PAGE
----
Robots taking human jobs


Amya Parker, Staff Writer

Robots vs. humans. The idea has been the story line of several blockbuster movies, but it seems that the real showdown won’t be like that in Terminator.  Rather, humans are being defeated by artificial intelligence in the workplace. Robots are predicted to take over around 52% of jobs in the United States in approximately 7 to 12 years.  This means that 75 million people could be replaced in their current jobs.

Examples of jobs that will be replaced are not in one field but rather vary greatly: insurance underwriters and claims representatives, bank tellers and representatives, financial analysts, construction workers, inventory managers and stockists, farmers, manufacturing workers, journalists, taxi drivers, and even some movie stars.  According to BBC News, “Machine operators and food workers will be hit the hardest.” 

It seems that no job is completely safe. As online courses gain popularity, some schools are cutting staffing of teachers. And even nurses and doctors are being assisted by kiosks that allow patients to check in and report their symptoms. They even take blood pressure, temperature, and other vitals.  Robots are replacing surgeons in some cases, too. Cleveland Clinic has a well-known Center for Robotic and Image-Guided Surgery.

One company that has expanded their empire with a full team of robots is Amazon. Amazon has more than “100,000 robots in each factory nationwide,” reported MIT Technology Review. This means 40% of Amazon workers have been replaced by auto-controlled robots. The use of robotics provides a more efficient way of helping customers get their packages on time.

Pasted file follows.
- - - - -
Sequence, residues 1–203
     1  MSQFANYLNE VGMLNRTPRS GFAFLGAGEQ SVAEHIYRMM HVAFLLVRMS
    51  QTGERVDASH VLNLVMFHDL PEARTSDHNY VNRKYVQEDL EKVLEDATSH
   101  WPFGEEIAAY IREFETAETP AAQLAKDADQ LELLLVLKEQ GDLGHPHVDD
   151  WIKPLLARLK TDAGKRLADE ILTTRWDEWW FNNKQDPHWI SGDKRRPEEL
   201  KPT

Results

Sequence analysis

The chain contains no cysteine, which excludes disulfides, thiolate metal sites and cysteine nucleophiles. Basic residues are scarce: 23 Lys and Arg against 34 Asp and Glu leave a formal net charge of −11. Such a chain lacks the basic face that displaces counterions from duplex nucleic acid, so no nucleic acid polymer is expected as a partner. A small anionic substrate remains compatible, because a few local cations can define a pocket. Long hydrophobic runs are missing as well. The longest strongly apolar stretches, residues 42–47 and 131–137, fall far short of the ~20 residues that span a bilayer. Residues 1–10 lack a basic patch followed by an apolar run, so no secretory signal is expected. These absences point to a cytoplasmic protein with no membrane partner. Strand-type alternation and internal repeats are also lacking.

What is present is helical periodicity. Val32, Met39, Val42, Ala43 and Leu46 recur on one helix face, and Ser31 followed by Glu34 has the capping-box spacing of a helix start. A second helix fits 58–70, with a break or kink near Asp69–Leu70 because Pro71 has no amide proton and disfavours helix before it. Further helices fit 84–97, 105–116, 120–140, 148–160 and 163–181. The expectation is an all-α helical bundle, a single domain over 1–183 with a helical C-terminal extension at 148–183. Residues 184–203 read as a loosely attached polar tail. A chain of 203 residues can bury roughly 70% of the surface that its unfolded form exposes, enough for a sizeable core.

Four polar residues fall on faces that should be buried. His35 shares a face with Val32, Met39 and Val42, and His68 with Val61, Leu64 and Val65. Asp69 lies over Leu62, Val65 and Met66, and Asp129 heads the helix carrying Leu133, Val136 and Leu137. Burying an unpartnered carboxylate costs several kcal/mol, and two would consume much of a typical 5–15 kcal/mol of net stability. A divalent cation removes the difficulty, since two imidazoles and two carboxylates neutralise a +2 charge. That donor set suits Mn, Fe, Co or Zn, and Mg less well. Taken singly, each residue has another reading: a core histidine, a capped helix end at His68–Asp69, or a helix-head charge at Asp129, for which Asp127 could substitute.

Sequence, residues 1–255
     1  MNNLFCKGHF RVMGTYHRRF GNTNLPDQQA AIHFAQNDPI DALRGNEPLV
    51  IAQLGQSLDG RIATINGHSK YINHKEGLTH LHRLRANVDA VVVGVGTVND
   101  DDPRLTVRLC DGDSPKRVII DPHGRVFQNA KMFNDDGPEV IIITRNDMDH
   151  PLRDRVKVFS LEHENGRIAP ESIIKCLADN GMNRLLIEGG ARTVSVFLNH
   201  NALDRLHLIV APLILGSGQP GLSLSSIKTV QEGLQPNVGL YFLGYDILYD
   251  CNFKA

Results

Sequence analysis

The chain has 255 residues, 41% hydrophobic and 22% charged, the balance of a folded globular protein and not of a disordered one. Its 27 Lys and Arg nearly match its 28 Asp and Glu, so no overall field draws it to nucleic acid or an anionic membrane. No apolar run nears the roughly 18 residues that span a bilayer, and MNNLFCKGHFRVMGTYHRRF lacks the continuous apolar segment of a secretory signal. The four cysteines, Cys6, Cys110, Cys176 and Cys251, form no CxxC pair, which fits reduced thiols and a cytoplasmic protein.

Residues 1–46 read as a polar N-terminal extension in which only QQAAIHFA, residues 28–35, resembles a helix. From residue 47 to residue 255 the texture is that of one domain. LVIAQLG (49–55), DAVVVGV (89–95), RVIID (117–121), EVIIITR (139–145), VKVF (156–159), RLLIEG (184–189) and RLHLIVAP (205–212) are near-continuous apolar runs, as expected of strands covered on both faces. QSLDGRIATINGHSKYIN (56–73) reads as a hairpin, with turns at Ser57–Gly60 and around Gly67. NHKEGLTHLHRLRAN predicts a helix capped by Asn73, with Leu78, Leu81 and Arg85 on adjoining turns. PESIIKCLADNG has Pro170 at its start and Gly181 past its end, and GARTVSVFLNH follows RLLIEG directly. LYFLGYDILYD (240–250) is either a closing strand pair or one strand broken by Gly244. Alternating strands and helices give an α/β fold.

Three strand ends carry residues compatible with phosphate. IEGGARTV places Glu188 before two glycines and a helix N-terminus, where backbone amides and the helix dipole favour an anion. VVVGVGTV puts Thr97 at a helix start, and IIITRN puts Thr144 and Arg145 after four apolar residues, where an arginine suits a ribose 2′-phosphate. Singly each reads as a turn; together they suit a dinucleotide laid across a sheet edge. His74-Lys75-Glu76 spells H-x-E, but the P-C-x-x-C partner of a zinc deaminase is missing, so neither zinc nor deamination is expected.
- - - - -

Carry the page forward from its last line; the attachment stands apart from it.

Another company that is trying to expand their empire with robots is the taxi-like company Uber. The app in which customers can hire and pay a driver in just a few clicks has already put many cab companies out of business, but now Uber is investing in self-driving cars.  The new chief executive, Dara Khosrowshahi, is considering closing and shutting down the self-driving cars after a self-driving Uber car struck a woman while trying to push her bicycle. Despite this unfortunate event, Uber is being bold and experimenting with their new idea. The self-driving Tesla car drives people to their destination with just a click of a button. Some sources estimate that in approximately 10 years, self-driving cars will become normal and comprise a majority of cars on the road. This could mean job loss for delivery persons, mail carriers, truck drivers, taxi drivers, and possibly even bus drivers. 

The most common and recognizable form of human employees being replaced by convenient automated technology is the self-checkout in local grocery and retail stores. These have been around for a few years now, and while they may seem to threaten employment, so far only approximately “500 jobs have been replaced for common local grocery stores, Walmart, Kroger, Giant Eagle, etc.” says, CNBC news. However, once the public becomes used to using the self-checkout systems, it is probable that stores will cut back more on human cashiers.

Each year technology is getting better and more advanced than the previous year. As robots and artificial intelligence increase, it becomes easier and more profitable for companies to use them rather than human, whom have to be paid wages, given breaks, sick leave, and vacations days, and compensated with health benefits.  For many jobs, humans may simply not be able to compete with the convenience and speed of robots.